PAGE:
Revolve Pivots Step Up Not Out Campaign to Step Up for Local
On March 26, Revolve launched Step Up Not Out – a campaign stressing the importance of staying home to help overcome the COVID-19 virus. Now that public health officials are slowly beginning to allow businesses to re-open while continuing to encourage people to social distance and practice advanced hygiene, Revolve is changing the narrative to shine a spotlight on the importance of supporting local, independent businesses.
The Step Up Not Out campaign received over 22 million impressions nation-wide through a robust social media campaign using Instagram, Facebook and Twitter; and supported by local, regional and national media vendors with television, radio, magazine, newspaper and digital advertising.
“Through the efforts of many, Canadians for the most part flattened the curve,” says Phil Otto, CEO of Revolve. “Now we need to turn our attention to help the backbone of the Canadian economy – small businesses – survive both the pandemic and the imminent recession. Hence, Step Up for Local”.
The importance of making sure local, independent businesses survive and thrive is clear: 45 cents of every dollar spent at a locally owned business stays in the local economy vs. 14 cents spent at large chains. This money cycles many times, creating tax revenue to fund healthcare, education and safer communities. Further to this, locally owned businesses contribute 2.5 times more to local non-profits.
“In this increasingly homogenized world, indie businesses give communities texture, colour, shape, taste and social capital,” says Otto. “The very fabric of our country is woven together by the personalities, innovation and entrepreneurship of small business – which comprises 99.8% of all businesses and represents the largest employee base in Canada.”
“Step up for local is exactly what small businesses need right now,” says Patrick Sullivan, President & CEO of the Halifax Chamber of Commerce. “We have to remind Nova Scotians how important it is to support our local businesses as the economy reopens. You might be surprised to know that 87% of our members are small businesses and Halifax added over 8,000 jobs last year, most coming from small businesses. We can ensure those jobs remain by stepping up for local businesses.”
Revolve works with several large national and international brands like Red Wing Shoes, Polaris, TIMBER MART, Supplement King, Kohltech Windows, OrangeTheory Fitness and Elite Trade Painting who are represented by small, family-owned businesses in their local communities. In addition, the branding and marketing firm works with dozens of smaller indie retail, restaurant and service brands throughout the region.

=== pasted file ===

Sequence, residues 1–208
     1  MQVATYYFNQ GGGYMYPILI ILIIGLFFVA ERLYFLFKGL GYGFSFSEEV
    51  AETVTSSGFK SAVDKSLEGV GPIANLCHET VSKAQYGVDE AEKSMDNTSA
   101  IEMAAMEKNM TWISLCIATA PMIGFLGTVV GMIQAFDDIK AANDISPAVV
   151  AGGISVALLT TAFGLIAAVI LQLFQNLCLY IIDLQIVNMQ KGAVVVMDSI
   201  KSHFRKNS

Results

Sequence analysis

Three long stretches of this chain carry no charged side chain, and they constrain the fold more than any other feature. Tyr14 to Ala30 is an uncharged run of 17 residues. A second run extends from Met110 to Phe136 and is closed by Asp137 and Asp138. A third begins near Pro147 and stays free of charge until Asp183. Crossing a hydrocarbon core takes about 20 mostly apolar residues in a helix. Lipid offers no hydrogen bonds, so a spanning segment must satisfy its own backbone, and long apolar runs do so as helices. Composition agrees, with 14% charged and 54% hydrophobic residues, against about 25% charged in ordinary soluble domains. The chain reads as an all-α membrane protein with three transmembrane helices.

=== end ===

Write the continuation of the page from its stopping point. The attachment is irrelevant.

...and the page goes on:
Neighbourhood love for small, authentic independent businesses is causing a phenomenon in the US intended to deceive consumers – large businesses posing as small independents. Pasqually’s Pizza & Wings has been popping up on food delivery apps since April. Intended to look like a small independent, it turns out Pasqually’s is owned by Chuck E. Cheese and shares the same kitchen. And Roy Street Coffee & Tea? It was not the family-owned, Capitol Hill neighbourhood coffee shop it pretended to be – it was one of a series of covert coffee shops owned by Starbucks.
Step Up for Local is an initiative Revolve has developed and is executing probono. Any small business, small business association or chamber of commerce who would like to access the toolkit developed to promote supporting local is encouraged to email firstname.lastname@example.org. The toolkit, available at no charge, contains artwork and messaging that can be used in advertising, as decals on doors and online, including social media. Revolve will also be working with our local, regional and national media vendors to have them support this messaging as public service announcements, as they did Step Up Not Out.